10. Shingling Vent Pipes
Mineral surfaced roofing material or metal flashing should be placed around the vent pipe before shingles are laid. Cut a square of flashing material with at least 6" of edge around the vent pipe. Cut a hole in the center large enough to fit over the vent pipe. Coat the bottom side with roofing cement, slip it over the vent pipe and nail it in place.
Lay shingle up to the vent pipe, covering the edge of the flashing material. Set ends of shingles in roofing cement. Cut a hole in the next shingle to go over the vent pipe, apply roofing cement to the bottom, and nail it in position.
Repeat the procedure on the next course of shingles that may overlap the vent pipe.
11. Shingling Around Chimneys
Mineral surfaced roofing material or aluminum flashing should be placed around the edge of a chimney before shingles are positioned. On old roofs, use the old flashings for a pattern. Fit the new flashing around the base of the chimney. Cement and nail this flashing in place.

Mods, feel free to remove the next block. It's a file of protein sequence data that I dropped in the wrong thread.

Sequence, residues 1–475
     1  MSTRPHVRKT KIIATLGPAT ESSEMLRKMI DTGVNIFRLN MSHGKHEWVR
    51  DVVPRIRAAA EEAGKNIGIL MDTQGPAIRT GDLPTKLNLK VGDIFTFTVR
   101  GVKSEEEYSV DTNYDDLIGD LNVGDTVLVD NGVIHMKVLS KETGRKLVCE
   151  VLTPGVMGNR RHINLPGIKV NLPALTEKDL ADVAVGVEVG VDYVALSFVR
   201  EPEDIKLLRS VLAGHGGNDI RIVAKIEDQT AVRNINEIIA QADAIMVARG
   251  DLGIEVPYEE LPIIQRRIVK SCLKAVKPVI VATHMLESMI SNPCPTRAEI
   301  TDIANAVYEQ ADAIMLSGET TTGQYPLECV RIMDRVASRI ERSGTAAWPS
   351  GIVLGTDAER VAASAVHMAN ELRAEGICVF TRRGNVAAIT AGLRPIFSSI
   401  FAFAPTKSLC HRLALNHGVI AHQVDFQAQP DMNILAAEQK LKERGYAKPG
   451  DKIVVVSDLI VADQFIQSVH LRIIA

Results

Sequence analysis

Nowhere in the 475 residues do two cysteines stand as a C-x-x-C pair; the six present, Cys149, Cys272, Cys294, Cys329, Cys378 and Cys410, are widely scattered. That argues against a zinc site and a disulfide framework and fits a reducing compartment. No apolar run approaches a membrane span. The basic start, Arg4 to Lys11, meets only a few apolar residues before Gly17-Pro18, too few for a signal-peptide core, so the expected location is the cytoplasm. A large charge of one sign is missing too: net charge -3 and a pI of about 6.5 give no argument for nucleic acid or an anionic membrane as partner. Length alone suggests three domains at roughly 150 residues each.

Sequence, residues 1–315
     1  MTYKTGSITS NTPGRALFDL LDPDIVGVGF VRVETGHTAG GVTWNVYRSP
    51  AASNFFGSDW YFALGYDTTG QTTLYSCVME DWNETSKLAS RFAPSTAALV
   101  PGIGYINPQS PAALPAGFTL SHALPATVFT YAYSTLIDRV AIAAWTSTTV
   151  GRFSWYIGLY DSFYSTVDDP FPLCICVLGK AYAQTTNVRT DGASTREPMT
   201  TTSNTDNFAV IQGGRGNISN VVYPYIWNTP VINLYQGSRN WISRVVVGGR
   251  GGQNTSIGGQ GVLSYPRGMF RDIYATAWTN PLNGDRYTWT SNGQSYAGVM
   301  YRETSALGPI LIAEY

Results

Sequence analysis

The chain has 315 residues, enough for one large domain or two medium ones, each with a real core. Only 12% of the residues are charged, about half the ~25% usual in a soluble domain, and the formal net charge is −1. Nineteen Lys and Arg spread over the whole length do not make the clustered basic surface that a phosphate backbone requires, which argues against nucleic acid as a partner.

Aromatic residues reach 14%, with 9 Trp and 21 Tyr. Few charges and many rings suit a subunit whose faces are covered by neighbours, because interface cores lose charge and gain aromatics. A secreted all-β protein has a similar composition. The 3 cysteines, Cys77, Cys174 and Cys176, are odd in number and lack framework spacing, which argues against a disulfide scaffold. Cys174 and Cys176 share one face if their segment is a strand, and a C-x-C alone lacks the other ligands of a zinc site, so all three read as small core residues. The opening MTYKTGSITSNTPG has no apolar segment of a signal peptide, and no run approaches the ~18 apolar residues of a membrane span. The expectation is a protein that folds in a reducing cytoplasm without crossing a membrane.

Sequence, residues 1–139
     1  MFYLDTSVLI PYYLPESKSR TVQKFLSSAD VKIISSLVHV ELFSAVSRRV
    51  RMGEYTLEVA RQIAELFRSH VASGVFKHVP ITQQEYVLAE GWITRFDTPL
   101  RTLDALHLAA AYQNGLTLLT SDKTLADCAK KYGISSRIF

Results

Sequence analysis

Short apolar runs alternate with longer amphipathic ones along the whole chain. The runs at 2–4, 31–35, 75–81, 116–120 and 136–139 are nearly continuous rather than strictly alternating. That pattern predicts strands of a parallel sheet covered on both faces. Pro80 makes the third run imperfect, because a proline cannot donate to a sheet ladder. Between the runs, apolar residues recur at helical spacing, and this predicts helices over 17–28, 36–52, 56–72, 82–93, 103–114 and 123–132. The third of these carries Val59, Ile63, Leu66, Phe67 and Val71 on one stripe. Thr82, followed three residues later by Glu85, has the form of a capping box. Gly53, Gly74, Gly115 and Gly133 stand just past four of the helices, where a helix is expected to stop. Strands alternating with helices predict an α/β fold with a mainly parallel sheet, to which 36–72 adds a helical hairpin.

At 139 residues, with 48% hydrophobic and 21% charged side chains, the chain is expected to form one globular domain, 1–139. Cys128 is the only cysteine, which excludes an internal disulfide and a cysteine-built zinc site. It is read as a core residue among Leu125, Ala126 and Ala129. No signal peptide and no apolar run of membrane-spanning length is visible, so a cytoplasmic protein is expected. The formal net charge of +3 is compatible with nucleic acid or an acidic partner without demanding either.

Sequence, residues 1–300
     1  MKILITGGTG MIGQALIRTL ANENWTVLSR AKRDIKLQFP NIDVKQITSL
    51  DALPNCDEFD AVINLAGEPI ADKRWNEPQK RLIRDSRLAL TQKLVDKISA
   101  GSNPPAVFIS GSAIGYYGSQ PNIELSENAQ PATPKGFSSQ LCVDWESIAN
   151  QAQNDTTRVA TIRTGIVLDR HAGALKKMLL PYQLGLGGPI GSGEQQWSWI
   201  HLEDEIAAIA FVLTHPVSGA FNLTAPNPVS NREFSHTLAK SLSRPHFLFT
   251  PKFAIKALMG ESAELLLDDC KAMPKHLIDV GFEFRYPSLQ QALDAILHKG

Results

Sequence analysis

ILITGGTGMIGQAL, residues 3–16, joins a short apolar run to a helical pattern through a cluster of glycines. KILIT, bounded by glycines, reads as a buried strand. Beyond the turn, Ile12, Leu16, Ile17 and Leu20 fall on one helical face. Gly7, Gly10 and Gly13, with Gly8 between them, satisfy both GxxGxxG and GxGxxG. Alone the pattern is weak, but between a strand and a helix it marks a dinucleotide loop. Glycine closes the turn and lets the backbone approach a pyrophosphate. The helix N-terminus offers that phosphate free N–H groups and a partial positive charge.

Cut flashing strips in pieces 7" x 10", bend in half to 7" x 5". Place these flashing strips against the chimney, seal with roofing cement, and nail into place. Apply shingles up to the edge of the chimney, seal the edge with roofing cement, and nail near the edge of the flashings.
12. Shingling Hip Roofs
Each course of shingles applied to the hip roof should be continued around the roof. Each shingle should be trimmed to the angle of the hip ridge. Use regular hip shingles or cut standard shingles (three-cut), to cover the hip ridge. The hip ridge should be covered before the main roof ridge.
Start at the eave, and apply hip shingles at the same exposure as the main roof. Use two shingles to start the run on the hip ridge. Use four nails per shingle, leaving no nails exposed. When placing the last hip shingle on the main ridge, seal it with roofing cement, and nail it in place.